I was mystified by the books I found. For me, my dad was someone who read India Today. I'd rarely seen him with a book. But in that box I found some sort of esoteric poetry, a copy of The Origin of Species, The Rise and Fall of the Roman Empire in a silver coloured, multi-volume box set, Henry Miller, Harold Robbins, T.S. Eliot's The Cocktail Party in an edition that had martini glasses with faces on them, Peyton Place, John Steinbeck - all sorts of books, many with his name on the flyleaf - Ravi Karan Vohra or Ravi Vohra or RK Vohra, in my dad's stylised signature, looking less cooked than I knew it, as perhaps a young man's signature might. A signature still wet around the ears.

I sat for a while in the room full of trunks trying to imagine what kind of person my dad must have been who bought and read all these books. After a while I gave up - it was too hard to imagine him in any other way than the way I knew him. I took the books I wanted and locked up the rest.

Now, I wonder, if I were to look through his old things, his collection of pipes, his boxes full of Venus HB1 pencils (in the days when pencils had as many names as US visas) which he used for his navigation work I guess and got extremely irritated with me for stealing to take to school, his old letters - letters he wrote, letters people wrote him - I would find a little bit of someone I knew but a lot of someone I didn't. I could learn to love that person in absentia - that person after all had always been in absentia, since I didn't know that part of my father - but I could join him to the person I loved and expand my love to fit. Perhaps in death I could turn the paradigm of loving my father into the paradigm about knowing my father before he was my father and forging some odd relationship with it.

When we know someone, we know them only in terms of what they are to us. To be known as full people, perhaps they have to leave us?

The other thing about my dad that I had always known as part of him was that he had only one eye. He'd lost the other in the '65 war. To me that was never odd. My dad didn't just drive, he flew planes as a navigator, his missing eye did not really seem to come in the way. The only thing that underlined its absence was that every now and then my dad would be lying down with tears running down the side of his face. I remember the first time I saw them and was alarmed - until I realised that this was Albucid eye drops that he sometimes used. Later I learnt, fearfully, to put them in his eye for him. Although this meant he experienced discomfort, it was all done in a normal sort of way. I remember being perplexed when a little girl who visited got scared of him because of his bad eye - what was scary about it? It was my dad - who was very non-scary and a bit of a cutie pie, no? We never thought twice about it.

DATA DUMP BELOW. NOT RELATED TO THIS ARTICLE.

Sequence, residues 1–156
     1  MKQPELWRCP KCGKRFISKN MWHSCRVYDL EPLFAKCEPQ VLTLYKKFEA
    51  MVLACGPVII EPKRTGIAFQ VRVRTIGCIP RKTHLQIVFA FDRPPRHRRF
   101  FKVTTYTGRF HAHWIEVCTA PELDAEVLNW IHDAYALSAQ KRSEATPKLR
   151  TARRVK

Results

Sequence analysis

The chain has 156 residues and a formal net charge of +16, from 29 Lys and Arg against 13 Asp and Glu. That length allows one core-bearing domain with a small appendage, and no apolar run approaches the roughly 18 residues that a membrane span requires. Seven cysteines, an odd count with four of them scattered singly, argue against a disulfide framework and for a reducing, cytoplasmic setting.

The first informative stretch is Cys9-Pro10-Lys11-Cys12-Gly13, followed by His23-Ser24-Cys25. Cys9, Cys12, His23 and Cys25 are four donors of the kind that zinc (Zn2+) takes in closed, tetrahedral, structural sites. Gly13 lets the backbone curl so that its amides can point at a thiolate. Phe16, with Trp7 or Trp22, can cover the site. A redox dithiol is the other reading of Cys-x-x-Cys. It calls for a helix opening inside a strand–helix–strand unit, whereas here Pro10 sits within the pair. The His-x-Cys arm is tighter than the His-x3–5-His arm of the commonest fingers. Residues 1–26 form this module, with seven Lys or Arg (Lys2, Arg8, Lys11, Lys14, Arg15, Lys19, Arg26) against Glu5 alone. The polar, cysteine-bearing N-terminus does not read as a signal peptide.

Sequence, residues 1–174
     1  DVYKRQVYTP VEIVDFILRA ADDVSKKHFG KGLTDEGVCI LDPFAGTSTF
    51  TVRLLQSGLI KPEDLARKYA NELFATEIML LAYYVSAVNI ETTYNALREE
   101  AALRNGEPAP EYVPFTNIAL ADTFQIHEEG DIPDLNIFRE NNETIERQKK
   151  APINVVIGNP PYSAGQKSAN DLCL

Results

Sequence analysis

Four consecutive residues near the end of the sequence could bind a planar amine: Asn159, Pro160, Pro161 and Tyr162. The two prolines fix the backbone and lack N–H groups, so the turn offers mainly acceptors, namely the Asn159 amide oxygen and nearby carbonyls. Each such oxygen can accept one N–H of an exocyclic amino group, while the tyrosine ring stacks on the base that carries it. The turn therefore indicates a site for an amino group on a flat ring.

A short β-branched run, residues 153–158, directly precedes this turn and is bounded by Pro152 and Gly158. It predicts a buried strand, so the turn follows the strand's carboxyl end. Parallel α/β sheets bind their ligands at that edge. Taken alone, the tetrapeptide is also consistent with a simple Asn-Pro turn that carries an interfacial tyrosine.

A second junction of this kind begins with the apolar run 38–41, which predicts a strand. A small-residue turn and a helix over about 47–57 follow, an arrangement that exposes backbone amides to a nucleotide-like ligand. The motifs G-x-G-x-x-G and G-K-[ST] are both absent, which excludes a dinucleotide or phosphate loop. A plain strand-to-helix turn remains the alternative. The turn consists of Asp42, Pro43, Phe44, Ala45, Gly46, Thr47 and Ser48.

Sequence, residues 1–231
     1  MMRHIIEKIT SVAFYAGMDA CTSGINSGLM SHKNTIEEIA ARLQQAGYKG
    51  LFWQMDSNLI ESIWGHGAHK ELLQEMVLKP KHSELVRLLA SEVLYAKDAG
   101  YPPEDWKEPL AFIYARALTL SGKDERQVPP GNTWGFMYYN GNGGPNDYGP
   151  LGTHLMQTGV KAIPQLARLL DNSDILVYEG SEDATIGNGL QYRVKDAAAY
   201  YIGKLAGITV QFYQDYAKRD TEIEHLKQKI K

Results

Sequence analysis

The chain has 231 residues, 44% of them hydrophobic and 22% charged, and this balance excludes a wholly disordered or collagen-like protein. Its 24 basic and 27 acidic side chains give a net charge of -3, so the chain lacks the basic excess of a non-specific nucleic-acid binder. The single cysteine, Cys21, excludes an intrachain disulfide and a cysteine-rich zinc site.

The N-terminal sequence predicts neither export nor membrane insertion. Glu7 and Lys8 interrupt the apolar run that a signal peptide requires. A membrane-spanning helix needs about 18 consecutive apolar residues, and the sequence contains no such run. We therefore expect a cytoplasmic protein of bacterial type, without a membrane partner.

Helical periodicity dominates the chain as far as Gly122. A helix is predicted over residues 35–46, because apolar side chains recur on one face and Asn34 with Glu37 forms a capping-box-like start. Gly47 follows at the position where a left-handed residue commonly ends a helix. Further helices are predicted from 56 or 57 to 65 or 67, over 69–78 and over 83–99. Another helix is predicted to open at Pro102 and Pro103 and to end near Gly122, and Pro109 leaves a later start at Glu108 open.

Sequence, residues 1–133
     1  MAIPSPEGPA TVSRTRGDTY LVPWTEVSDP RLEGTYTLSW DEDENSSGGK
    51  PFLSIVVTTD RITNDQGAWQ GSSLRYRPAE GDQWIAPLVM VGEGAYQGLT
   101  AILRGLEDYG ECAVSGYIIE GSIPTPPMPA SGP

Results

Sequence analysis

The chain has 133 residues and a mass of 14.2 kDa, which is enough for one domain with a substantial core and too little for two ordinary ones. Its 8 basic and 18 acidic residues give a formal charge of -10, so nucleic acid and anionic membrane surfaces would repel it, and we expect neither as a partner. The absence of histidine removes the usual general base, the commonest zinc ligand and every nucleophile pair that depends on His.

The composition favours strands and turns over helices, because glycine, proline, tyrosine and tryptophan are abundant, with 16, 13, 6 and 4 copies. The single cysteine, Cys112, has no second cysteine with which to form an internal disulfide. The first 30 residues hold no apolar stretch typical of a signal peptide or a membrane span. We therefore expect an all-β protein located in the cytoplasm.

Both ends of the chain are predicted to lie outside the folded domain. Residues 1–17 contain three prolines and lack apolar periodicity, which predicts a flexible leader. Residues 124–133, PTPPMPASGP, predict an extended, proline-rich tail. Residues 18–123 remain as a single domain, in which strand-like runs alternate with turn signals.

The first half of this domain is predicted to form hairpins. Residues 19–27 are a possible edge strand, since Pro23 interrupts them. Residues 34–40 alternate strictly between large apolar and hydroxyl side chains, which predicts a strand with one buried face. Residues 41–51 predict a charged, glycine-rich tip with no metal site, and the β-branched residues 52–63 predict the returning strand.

Did he?

He must have. What would it have been for a young person to suddenly lose one eye? Not just the functional loss, but the feeling that your face has somehow been marred? I can't know now. I know that he was generally a positive and very diligent person and he taught himself to overcome the handicap. I didn't realise that was why my dad, who'd been a swimming champ in college, did not swim, because the chlorine in pools bothered him. I just sort of took all these things to be a part of him without querying their origins.

He did think about it over the years because in many photographs he sort of looked down, not quite at camera, but at an angle away fro mit- although in life he looked people fully in the eye.

So many things a person holds inside them - letting them flow only in controlled rivulets to certain people and not to others. So many little bits of them that flow away from them as life takes its course.

So, in his memory, a picture I found of him before he lost his eye, and maybe some other parts of himself - before I was a gleam in his eye, before he knew me or my little sister, before I knew him, before he was our dad - when he was just Ravi Karan Vohra, trying on a signature for style.

And pictures of him looking right at you as he used to do in life.

Last year's birthday post.